By Hannah Torregoza
After the suicide of two well-known global personalities, Sen. Juan Edgardo “Sonny” Angara urged the PhilHealth to cover members’ consultation fees with psychiatrists.
Angara said early intervention and prevention in treating mental illnesses is key to addressing depression, which now afflicts more than 300-million people around the world.
Citing a 2011 World Health Organization (WHO) study, Angara said the Philippines had the highest incidence of depression in Southeast Asia.
The senator made the call following the recent deaths of Anthony Bourdain and Kate Spade. The deaths of the international bag designer and the American celebrity chef have sparked calls to strengthen mental health policies worldwide.
“Mental and behavioral disorders can lead to impairment in judgment, self-inflicted pain, or worse, suicide. This can be prevented,” Angara said.
“Early intervention through consultation with psychiatrists and proper medication should be readily accessible for ordinary Filipinos,” he stressed.
Angara said the high cost of medical and consultation fees for psychiatrists should not hinder Filipinos to get better access to mental health care.
“Hindi dapat maging hadlang, lalo na sa mga mahihirap, ang malaking gastusin para sila ay magpatingin at magpagamot, (The high cost of consultation fee and treatment should not be a hindrance for our people, especially the poor, to get access to mental health care,” he said.
The lawmaker has been pushing the Senate to expand PhilHealth’s primary care benefit package, which includes free checkups and consultations, laboratory tests, and medicines, for all Filipinos.
Currently, PhilHealth only covers hospitalization brought about by acute attacks of mental and behavioral disorders at a package rate of P7,800. Consultations and medicines are not covered.
Angara said he hopes President Duterte will sign Senate Bill 1354 or the proposed Mental Health Act into law soon. The bill was transmitted to Malacañang on May 21. The senator was one of the coauthors of the measure.
The bill aims to provide basic mental health services down to the barangay level by mandating the Department of Health (DOH) to provide psychiatric services to all regional, provincial and tertiary hospitals, while increasing the capacities of mental health professionals.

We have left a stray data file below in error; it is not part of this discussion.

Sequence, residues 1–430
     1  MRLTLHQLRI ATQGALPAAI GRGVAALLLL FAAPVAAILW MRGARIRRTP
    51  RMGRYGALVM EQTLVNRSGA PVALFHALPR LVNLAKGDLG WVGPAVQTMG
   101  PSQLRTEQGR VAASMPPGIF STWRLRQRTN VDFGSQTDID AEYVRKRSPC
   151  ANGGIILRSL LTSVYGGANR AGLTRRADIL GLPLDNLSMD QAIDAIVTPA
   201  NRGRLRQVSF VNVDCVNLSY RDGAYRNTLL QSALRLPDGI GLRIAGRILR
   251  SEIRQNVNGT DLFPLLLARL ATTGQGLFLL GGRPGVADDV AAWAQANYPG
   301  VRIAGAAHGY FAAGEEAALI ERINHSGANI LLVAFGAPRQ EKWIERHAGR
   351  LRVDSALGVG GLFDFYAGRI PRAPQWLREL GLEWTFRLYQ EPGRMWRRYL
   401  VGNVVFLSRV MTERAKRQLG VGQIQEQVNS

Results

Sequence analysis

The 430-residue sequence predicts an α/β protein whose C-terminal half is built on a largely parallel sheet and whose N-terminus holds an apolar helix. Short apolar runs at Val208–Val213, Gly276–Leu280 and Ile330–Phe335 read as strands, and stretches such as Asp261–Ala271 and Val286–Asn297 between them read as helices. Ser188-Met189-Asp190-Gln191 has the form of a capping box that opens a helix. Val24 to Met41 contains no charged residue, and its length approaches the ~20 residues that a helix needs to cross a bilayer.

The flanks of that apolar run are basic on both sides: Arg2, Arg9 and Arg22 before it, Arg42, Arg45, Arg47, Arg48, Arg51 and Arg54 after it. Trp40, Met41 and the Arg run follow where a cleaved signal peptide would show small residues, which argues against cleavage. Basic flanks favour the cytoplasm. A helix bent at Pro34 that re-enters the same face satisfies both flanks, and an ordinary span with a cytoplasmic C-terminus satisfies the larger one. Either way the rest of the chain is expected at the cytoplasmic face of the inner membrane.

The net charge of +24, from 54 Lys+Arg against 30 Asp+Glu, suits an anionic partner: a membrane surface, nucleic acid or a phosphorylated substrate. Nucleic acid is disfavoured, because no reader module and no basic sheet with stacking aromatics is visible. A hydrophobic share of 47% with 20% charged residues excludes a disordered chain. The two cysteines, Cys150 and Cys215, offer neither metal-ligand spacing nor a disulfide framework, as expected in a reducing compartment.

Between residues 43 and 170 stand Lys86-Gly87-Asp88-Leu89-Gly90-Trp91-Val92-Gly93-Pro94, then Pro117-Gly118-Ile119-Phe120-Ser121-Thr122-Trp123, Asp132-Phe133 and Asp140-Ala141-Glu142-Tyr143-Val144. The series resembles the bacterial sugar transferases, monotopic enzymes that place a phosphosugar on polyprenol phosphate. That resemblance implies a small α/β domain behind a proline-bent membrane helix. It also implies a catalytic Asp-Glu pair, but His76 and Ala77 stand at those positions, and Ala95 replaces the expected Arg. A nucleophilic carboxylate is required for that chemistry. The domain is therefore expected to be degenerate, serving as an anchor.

“While the government works to make mental health care more affordable and accessible, another challenge is getting Filipinos to overcome stigma,” he pointed out.
“To address this, the bill seeks to integrate mental health programs and policies in schools and workplaces,” he explained further.
He noted that in 2016, the DOH launched a national suicide prevention hotline called HOPELINE in a bid to help people suffering from depression. But the service is limited to answering calls and questions, and referring patients to mental health professionals.
The Philippines, Angara also said, do not have enough psychiatric facilities and psychiatrists. Only 490 psychiatrists or one psychiatrist per 250,000 Filipinos—a far cry from the standard ratio of 1 per 50,000 people—are available as of now.
“Another problem is we do not have enough psychiatric facilities and psychiatrists in the country,” he said.
“Bagama’t isang seryoso at mabigat na suliranin ang pagkakaroon ng mental disorder, malaki pa rin ang kakulangan natin sa tamang pagtugon dito. Huwag na nating hintayin na lumala ang problemang ito sa ating bansa, (Even though having a mental disorder is a very serious problem, there is insufficient mechanisms to address this. Let’s not wait for this problem to go out of hand here in our country),” he emphasized.
“Kailangang tiyakin na ang bawat indibidwal na nakararanas ng depresyon ay napagtutuunan ng kaukulang pansin, binibigyan ng agarang atensyong medikal, at hindi iiwan hanggang sa kanyang tuluyang paggaling,(We need to make sure that every individual suffering from depression is given medical attention, and they should not be left by themselves until they recover),” Angara said.